Mobile payment platforms plunge is creating an opportunity to re-enter, according to traders and analysts.
The slide in the marquee payment names comes as fed rate rises spook the overall tech market into a correction. The tech-heavy Nasdaq is slipping by about 3% pre-market amid the action.
Nasdaq 100 was down 4.4% today, its worst decline since August 2011. It has not closed below its 200-day moving average since June 2016 (575 trading days), now only 0.5% above it. $QQQ pic.twitter.com/CO1dU6RbKO— Charlie Bilello (@charliebilello) October 10, 2018
However, the move could be a positive for investors that had the foresight to build cash bases.
For example, the move was anticipated by the Action Alerts Plus team, which has diligently built out its capital base to re-enter these names as they correct.
"We sold PayPal as it marched higher in what we felt was too short a timeline, trimming shares at $83.94, $87.51 and $89.71," the team said.
The fortuitous trimming of the investment will allow the team to re-enter and achieve even higher returns moving forward on a name like PayPal.
"We still believe that longer-term, digital is the future of payments," Jim Cramer's Action Alerts PLUS team declared. "Thanks to our discipline we are in a prime position to start buying back shares."Fed Fracas
Additionally, one of the more level-headed figures in the Trump cabinet is Treasury Secretary Steven Mnuchin who said that the Fed is not to blame for the correction, despite the protests of the Commander-in-Chief.
"I don't think there was any new news that came out of the Fed [Wednesday] that wasn't there beforehand," Mnuchin said at an International Monetary Fund meeting in Bali on Thursday morning. "Markets go up, markets go down."
Analysts are particularly bullish on Square, as its slide from a key executive departure seems to cloud its potential secular success.
I'm so happy for Sarah. She's going to be great at running a company. Square is different tho. We're organized by business unit, like Cash, Caviar, Seller, Capital...and a lead/CEO for each. They are the execution, not me or Sarah. Square is built to be a durable ecosystem. https://t.co/OLcOIbbkXm— jack (@jack) October 10, 2018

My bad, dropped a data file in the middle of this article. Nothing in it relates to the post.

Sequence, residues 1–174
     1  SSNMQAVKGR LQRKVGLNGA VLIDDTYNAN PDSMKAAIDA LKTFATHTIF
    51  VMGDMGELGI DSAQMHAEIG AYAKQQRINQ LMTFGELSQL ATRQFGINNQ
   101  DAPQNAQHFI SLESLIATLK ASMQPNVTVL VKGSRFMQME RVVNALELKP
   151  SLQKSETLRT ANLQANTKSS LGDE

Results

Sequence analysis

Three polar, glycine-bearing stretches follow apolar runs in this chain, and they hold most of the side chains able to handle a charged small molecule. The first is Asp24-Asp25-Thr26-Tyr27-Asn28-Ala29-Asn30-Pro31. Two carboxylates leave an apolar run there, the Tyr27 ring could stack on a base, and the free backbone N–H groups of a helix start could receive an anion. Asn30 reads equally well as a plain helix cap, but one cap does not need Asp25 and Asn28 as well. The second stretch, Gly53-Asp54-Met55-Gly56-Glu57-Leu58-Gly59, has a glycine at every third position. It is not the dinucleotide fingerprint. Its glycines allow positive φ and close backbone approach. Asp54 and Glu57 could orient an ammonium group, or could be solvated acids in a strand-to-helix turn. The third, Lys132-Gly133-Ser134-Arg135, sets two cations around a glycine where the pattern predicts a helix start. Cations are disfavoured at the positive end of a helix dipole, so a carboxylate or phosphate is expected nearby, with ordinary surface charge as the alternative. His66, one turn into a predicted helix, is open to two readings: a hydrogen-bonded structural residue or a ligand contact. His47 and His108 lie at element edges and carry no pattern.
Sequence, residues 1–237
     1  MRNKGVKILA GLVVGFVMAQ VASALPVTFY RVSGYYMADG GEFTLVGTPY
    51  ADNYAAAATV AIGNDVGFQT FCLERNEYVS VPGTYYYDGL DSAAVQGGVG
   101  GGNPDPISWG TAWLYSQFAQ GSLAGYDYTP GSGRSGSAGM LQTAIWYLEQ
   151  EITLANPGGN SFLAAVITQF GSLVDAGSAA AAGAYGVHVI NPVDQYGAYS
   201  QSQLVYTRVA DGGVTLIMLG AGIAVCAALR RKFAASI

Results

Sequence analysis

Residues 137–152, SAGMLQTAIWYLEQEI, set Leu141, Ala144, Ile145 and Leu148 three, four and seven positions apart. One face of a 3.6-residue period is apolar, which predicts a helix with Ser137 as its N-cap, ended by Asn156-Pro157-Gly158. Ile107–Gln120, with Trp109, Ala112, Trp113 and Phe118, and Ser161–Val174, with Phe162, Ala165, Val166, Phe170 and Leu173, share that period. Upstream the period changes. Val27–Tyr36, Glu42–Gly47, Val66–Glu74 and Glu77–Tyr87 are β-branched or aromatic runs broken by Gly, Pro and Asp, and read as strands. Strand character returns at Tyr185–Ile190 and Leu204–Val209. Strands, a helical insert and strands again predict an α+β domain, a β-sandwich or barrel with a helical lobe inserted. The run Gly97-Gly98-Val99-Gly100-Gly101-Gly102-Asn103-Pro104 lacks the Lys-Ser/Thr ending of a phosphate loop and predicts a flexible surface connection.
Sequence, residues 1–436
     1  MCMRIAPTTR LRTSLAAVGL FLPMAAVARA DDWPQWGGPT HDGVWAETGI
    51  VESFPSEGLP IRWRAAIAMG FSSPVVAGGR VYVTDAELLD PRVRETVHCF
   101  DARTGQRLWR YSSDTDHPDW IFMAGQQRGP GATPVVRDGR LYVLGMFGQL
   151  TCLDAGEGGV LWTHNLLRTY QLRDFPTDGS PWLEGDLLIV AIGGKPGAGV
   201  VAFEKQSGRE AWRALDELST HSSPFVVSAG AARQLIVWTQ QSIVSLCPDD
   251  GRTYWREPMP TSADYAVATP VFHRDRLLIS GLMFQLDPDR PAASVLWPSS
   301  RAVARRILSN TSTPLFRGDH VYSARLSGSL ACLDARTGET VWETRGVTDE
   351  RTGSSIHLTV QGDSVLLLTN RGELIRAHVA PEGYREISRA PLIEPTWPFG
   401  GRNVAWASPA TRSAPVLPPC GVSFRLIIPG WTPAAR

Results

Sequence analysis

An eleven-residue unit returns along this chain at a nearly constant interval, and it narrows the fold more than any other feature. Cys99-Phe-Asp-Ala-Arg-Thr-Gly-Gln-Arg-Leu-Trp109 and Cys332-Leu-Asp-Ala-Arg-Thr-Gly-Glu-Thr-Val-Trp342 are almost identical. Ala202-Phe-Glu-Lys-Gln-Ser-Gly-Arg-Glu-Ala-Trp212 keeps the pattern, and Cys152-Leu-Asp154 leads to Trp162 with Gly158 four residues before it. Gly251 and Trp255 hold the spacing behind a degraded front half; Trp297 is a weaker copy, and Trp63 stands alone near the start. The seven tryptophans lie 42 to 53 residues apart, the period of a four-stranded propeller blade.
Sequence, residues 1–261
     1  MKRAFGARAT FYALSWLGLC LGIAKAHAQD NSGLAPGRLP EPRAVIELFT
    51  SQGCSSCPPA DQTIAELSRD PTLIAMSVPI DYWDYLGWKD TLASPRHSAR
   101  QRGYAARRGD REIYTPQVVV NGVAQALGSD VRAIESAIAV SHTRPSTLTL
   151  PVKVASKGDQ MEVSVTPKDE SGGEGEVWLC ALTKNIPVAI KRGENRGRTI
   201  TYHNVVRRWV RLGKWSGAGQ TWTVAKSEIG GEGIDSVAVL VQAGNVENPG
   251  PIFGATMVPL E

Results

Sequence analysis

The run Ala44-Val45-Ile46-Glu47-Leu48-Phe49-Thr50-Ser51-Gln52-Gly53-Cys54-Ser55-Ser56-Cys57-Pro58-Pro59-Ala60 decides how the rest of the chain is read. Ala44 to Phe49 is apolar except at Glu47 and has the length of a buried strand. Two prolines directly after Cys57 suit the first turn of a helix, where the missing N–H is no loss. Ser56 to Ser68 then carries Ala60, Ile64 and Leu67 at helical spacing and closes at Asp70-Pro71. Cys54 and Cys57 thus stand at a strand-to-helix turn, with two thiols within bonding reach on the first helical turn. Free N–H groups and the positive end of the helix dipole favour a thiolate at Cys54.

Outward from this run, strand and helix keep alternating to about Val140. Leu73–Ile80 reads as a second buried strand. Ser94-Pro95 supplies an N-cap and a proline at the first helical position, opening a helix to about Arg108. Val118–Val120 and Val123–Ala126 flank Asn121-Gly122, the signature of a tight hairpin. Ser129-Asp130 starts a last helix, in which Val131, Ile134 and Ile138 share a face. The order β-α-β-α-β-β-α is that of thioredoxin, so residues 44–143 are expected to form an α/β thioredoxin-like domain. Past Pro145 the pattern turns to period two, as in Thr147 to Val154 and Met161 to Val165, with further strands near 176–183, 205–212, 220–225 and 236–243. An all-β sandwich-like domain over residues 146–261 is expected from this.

According to a Keybanc Capital Markets survey led by Director of FinTech Josh Beck, Square is poised to remain a leader in payments for businesses as the mode of transaction continues to transition to mobile and online.
"70%+ of sellers did not even consider a competitor when selecting Square and 45% started their first payment relationship with Square, indicating a dominant brand among small businesses," Beck explained.
He indicated that Square's underlying product line is the key story for the company's emerging opportunities.
"Square has a rich ecosystem of transaction, SKU-level, customer, and inventory data that could enable it to extend beyond payments and play a larger role in commerce, which positively ties to one of our key secular FinTech themes," he wrote in a note explaining the survey. "Most of the initiatives remain early cycle, and thus could leave room for substantial outperformance if Square is able to scale them efficiently."
Keybanc raised its price target from $75 to $115 on the back of the survey, offering a significant premium on today's dwindling share price. The price increase echoes the take of Credit Suisse, which raised their price target to $94 even amid the recent market rumblings.Bottom Line
For investors wily enough to have raised capital into the market madness this week, these payment platforms offer an attractive discount on a secular play for the longer term, according to experts.